Laggards typically tend to be focused on “traditions”, have lowest social status, lowest financial fluidity, oldest of all other adopters, in contact with only family and close friends, very little to no opinion leadership.
As lawmakers and citizens begin to sort through the information about the war and make up their minds, our job is to provide context and perspective on one of the most difficult foreign policy issues of our time. What you see in these pictures and our story is something that you cannot find in those 91,000 documents: a combination of emotional truth and insight into the way life is lived in that difficult land and the consequences of the important decisions that lie ahead.
What I want to ask is, if we gave the Taliban 40,000,000 in May of 2001, how did they become immoral tyrants merely five months later?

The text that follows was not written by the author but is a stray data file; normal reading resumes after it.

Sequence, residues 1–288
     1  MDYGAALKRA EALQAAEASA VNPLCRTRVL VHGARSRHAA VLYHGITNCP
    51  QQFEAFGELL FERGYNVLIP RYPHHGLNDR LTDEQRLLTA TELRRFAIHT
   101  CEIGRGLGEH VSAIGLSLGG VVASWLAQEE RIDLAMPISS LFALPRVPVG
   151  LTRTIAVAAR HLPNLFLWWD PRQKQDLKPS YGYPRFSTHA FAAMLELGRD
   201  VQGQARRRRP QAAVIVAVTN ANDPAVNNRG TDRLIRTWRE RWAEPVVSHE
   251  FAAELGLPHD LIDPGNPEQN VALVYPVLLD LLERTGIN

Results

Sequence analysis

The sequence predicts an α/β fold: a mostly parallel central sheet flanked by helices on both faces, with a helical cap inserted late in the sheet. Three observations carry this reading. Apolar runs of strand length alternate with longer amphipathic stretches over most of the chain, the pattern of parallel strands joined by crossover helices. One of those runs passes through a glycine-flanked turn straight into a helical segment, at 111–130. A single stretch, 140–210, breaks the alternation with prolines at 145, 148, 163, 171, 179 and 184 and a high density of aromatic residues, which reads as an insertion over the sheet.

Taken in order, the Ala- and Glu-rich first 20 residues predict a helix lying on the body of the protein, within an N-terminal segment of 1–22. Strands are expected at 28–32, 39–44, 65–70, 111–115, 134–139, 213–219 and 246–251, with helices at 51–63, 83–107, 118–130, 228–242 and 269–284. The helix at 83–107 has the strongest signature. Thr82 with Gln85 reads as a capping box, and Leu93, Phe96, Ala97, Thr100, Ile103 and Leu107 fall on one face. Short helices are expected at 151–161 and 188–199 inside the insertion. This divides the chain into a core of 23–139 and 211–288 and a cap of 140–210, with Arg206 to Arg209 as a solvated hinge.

To be fair, I wasn't around to read newspapers back during Vietnam or WWII so perhaps I suffer from sampling bias. Putting a woman who has had her nose cut off on the cover of a major national magazine (whether it otherwise sucks or not) is novel I think.
It is deeply problematic to construct the Afghan woman as someone in need of saving, When you save someone, you imply that you are saving her from something, You are also saving her to something, What violences are entailed in this transformation, and what presumptions are being made about the superiority of that to which you are saving her? Projects of saving other women depend on and reinforce a sense of superiority by Westerners, a form of arrogance that deserves to be challenged.
« Older Photographer Peter Tangen has been taking portrait... | This November, California citi... Newer »
This thread has been archived and is closed to new comments
Buy a Shirt